The origin, concentration and distribution of metals in the early Universe can reveal many secrets of the universe. But until now, astronomers could not look far back, limiting themselves to spectral observation of stars only in our galaxy. The new WINERED spectrograph will help look at the young Universe 2.4 billion years old after the Big Bang (now about 12.6 billion years old), which will collect new data and refine theories.
The WINERED spectrograph is installed on the 3.58-meter New Technology Telescope (NTT) at the La Silla Observatory in Chile. This is the so-called European Southern Observatory. With the help of a telescope, the spectrograph will allow observing quasars.
The researchers hope that a new and deeper level of research will help answer questions about the origin of not only metals in the Universe, but also the stars themselves. Iron is one of the most important elements for life as we know it and for technology, both primitive and modern, that have shaped human history. But details of the exact origins of iron and other important metals like magnesium remain unclear.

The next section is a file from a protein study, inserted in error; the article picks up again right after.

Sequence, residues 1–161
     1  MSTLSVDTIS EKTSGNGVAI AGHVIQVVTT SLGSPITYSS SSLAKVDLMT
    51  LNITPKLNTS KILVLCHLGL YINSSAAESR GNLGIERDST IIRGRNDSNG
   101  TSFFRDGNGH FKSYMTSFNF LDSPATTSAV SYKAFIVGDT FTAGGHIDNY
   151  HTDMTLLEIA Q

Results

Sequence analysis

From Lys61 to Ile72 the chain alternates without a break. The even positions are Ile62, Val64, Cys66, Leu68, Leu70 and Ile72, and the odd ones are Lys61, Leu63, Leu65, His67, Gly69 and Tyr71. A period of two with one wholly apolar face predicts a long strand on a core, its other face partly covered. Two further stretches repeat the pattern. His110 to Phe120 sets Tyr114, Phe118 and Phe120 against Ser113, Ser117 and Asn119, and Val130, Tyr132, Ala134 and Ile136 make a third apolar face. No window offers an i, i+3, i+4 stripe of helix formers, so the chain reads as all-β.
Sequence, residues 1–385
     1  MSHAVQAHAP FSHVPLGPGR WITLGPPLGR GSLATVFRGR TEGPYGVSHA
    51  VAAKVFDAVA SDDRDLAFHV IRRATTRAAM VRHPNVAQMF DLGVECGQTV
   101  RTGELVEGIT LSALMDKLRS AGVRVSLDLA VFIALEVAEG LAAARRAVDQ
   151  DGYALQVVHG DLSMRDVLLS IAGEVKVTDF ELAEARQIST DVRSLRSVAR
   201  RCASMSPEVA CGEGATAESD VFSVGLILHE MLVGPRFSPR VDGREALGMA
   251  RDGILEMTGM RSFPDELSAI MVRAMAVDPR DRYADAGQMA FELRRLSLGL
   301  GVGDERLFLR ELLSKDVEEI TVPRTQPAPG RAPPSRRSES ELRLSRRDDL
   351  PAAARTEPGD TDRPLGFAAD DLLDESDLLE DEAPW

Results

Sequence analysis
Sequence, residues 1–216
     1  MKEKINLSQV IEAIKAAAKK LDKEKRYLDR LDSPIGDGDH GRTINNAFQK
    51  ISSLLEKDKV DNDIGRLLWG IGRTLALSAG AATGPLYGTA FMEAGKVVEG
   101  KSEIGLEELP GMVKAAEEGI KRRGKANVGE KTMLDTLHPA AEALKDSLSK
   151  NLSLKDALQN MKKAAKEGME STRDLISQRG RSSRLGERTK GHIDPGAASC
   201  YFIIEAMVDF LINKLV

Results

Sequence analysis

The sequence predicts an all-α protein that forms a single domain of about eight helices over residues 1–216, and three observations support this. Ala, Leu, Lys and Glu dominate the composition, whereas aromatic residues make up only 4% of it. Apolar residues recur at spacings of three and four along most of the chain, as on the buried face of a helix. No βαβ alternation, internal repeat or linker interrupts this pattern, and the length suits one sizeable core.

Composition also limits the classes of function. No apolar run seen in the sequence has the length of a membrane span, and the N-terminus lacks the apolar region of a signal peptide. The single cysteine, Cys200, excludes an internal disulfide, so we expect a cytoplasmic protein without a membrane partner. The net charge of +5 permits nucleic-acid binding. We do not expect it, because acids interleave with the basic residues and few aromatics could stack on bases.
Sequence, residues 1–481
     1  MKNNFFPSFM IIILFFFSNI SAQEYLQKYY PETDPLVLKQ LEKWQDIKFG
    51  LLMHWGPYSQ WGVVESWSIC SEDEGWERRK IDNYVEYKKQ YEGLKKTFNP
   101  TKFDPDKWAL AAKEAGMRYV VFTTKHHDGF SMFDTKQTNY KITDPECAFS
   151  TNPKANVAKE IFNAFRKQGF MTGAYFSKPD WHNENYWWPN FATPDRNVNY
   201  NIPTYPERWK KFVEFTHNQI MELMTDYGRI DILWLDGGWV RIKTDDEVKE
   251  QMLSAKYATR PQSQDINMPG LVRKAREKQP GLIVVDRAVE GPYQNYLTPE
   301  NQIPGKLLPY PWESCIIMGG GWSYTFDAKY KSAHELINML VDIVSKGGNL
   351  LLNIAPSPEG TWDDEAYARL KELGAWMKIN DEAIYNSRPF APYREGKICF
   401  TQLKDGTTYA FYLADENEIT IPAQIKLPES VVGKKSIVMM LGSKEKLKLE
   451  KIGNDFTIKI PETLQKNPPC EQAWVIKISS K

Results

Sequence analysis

A new instrument with increased sensitivity to near infrared light could push the boundaries and open up the possibility of observing distant quasars, powerful in their visible light emission from ancient galactic nuclei that emitted light when the universe was just 2.4 billion years old. The first observations of quasars with the WINERED spectrograph showed the presence of iron in the emission spectrum of these celestial bodies. It remains to accumulate a database of many such objects, and our knowledge of the world around us will become a little more complete.
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